How to Use Drop Frame or Non-Drop Frame

Understanding the basics of drop frame (DF) and non-drop frame (NDF) can help keep your work flow running smoothly. B&H Photo Video understands the multitude of video formats that can be used in a single project; this article will hopefully clear up some of the confusion caused by the concepts of frame rate, broadcast standards, and accuracy involving timecodes. Drop frame and non-drop frame were created before High Definition (HD), but the same rules still apply.

Timecode is used to provide search ability on your tapes, disks, and other media. It measures time in Hours:Minutes:Seconds:Frames and creates a distinct identifier for each frame, based on the HH:MM:SS:FF format. Every frame is given a unique timecode number, making it easily found by a non-linear or linear device that utilizes and reads timecode. You can find out more about timecode in a previous article on the B&H web site, Understanding TIME CODE- part I By Robert Morton & Jack Fettman.

Drop frame and non-drop frame timecode do not alter the visual image in any way. No frames or images are lost in drop frame; it is simply a way of labeling every frame. They are methods of counting. If two projects were created with identical cuts, both timelines in the software would be identical. Since this does not affect the picture, choosing between drop or non-drop frame can be determined by the specifications of the editing system, distribution media, or video editor’s preference. Understanding frame rate helps us understand why these two methods exist.

Frame rate is the measurement of individual images, known as frames created by an imaging device. Originally, black and white video ran at a true 30 fps (Frames per Second). Color video required that the frame rate be slowed to 29.97 fps, due to the physical limitations of the black and white circuits in older television sets, and issues involving sound waves. It’s this slowdown of frames that causes the disparity between real time and the measurement of video time.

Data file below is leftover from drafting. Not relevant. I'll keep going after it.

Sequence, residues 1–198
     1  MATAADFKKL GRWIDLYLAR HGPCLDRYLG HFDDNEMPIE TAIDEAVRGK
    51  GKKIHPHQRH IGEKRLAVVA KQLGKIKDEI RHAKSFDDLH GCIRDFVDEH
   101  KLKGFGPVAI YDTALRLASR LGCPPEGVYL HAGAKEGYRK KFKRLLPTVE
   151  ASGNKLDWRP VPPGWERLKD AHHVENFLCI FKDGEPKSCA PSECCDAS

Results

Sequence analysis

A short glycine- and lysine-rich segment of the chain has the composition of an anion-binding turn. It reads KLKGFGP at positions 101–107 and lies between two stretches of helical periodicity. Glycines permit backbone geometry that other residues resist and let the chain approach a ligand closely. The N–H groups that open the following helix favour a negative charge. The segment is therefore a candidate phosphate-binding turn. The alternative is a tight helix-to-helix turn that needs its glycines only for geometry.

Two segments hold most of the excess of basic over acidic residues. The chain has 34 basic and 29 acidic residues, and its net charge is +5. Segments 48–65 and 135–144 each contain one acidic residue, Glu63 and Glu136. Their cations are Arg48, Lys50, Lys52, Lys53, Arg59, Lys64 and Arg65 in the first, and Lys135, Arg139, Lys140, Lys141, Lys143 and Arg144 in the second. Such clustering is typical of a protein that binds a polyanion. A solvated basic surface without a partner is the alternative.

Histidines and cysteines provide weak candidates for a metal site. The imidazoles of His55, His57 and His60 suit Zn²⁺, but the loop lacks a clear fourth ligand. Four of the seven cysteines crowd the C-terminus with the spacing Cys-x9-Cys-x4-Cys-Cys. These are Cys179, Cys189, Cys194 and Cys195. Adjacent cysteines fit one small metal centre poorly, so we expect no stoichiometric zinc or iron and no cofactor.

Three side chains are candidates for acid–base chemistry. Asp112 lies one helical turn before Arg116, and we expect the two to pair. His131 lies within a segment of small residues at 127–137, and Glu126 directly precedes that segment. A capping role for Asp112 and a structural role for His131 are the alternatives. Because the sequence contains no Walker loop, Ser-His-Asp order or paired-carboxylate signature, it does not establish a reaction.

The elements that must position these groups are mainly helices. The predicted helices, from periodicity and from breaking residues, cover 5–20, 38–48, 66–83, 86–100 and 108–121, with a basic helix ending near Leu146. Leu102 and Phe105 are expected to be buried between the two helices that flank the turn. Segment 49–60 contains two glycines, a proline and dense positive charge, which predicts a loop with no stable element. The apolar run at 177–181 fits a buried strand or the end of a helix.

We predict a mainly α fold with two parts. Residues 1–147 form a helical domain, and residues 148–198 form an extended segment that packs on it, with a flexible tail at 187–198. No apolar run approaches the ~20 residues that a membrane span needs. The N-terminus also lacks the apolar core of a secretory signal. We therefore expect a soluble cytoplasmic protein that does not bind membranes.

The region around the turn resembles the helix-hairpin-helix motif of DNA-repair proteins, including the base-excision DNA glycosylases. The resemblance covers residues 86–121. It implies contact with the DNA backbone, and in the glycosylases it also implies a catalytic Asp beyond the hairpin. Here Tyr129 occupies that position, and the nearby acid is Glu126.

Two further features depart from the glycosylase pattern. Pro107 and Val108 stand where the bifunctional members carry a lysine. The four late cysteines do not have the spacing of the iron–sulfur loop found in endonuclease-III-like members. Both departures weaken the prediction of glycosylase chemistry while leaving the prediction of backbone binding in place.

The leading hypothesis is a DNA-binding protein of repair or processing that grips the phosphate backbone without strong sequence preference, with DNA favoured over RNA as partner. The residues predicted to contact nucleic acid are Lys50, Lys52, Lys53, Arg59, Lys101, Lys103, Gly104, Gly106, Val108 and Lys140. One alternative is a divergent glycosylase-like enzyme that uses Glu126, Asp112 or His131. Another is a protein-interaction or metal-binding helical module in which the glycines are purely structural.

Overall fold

The 29.97-second frame rate does not divide into one second as easily as 30 fps does. Since creating a fraction of a frame is impractical, a method of counting and adjusting full frames is necessary. Drop frame timecode counts each video frame. When the remaining .03 second of 29.97 finally adds up to a video frame, it drops a frame number. It does not remove a frame.

Moving the decimal place over from 1.8 frames per minute produces 18 full frames for every 10 minutes. These frame numbers are dropped over time instead of all at once. The distribution of those 18 frames equals about 2 frames (:00 and: 01) a minute, but no frame numbers are dropped in the 10th minute because the process has started over. There are never any frame numbers dropped when the minute is divisible by 10.

This means ten minutes in drop frame 00:10:00:00 is the same as 00:10 minutes in real time. Remember, you are not losing frames. The way they are being counted has been changed. 2,997 full frames are presented every 100 seconds. If you are cutting a scene using drop frame time code, the duration of 60 minutes is exactly 60 minutes and 0 frames. Drop frame is a standard for broadcast networks using NTSC due to this correlation with real time.

Non-drop timecode counts every single video frame and doesn’t re-label any frame to account for the 29.97 fps. This means that if you have a 60-minute film and 0 frames in non-drop frame timeline, it is not the actual running time of the film. This makes non-drop lengths shorter than the real time. It is counting 3000 frames per 100 seconds when it’s really 2997 frames per 100 seconds. A program using non-drop timecode is approximately four seconds shorter per every hour. 60 minutes of non-drop frame format will be 108 frames lower, making it 00:59:56:12 at the end of a real time hour 01:00.